AT THE MOVIES
In "Annapolis," James Franco plays a youth who faces the grueling challenges of the Naval Academy. Jordana Brewster also stars.
Paul Walker plays a researcher in Antarctica who struggles to recover his eight sled dogs left behind in a disaster. (PG)
Mrs. Henderson Presents
Oscar nominee Judi Dench is the widowed title character who buys a theater during wartime London and, with the help of her showman partner (Bob Hoskins), puts on a popular revue with nude women placed in tableau settings. Review on Page 23. (R)
This interracial romantic comedy stars Sanaa Lathan as a Los Angeles career woman who falls for a handsome and free-spirited landscape architect, played by Simon Baker. Review on Page 22. (PG-13)
When a Stranger Calls
This remake of the 1979 horror-thriller is about a teenage baby sitter who is terrorized by a stranger who calls, asking "Have you checked the children lately?" And when she notifies the police, they tell her that the calls are coming from inside the house. (PG-13)
G - General audiences.
Emma Thompson stars as a magical but tough nanny who shapes up a family with seven badly behaved children. Thompson and director Kirk Jones' twisted, dryly British sense of humor often makes the movie surprisingly funny. Unfortunately, the visual effects look jarringly cheesy.
PG - Parental guidance suggested.
The Chronicles of Narnia: The Lion, the Witch and the Wardrobe
Based on C.S. Lewis' classic fantasy novel, the story follows four siblings in World War II England who enter the world of Narnia through a magical wardrobe. There they join a noble and mystical ruler, the lion Aslan, in fighting the evil White Witch, Jadis. The visual overload is impressive, Tilda Swinton is positively insane as the witch, and the young actors give winsome performances. (The film is nominated for three technical Oscars.)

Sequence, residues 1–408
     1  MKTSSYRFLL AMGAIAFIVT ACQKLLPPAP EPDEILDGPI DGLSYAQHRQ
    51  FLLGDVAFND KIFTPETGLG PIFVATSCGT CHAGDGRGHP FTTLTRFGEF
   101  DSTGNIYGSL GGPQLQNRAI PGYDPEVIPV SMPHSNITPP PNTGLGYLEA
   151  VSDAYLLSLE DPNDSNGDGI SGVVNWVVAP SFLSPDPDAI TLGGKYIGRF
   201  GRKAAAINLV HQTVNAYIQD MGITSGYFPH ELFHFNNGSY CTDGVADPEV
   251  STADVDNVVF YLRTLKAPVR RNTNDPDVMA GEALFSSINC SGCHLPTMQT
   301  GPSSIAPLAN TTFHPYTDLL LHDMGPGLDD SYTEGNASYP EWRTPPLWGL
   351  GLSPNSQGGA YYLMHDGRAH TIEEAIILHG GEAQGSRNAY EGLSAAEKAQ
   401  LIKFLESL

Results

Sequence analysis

Kate Beckinsale battles deadly creatures in "Underworld: Evolution."
The true story of the underdog Texas Western college basketball team, with history's first all African American starting lineup, and their surprising championship win in the 1966 NCAA tournament. The performances are understated but since this is a Jerry Bruckheimer production, the story is amped up with an overbearing score, along with hyperactive camerawork and jumpy edits that obscure the action at some of the most crucial spots.
Good Night, and Good Luck
George Clooney directed this multiple Oscar-nominated docudrama that recounts the events of the mid-1950s leading up to acclaimed CBS journalist Edward R. Murrow's decision to stand up against the reckless, red-baiting Sen. Joseph McCarthy.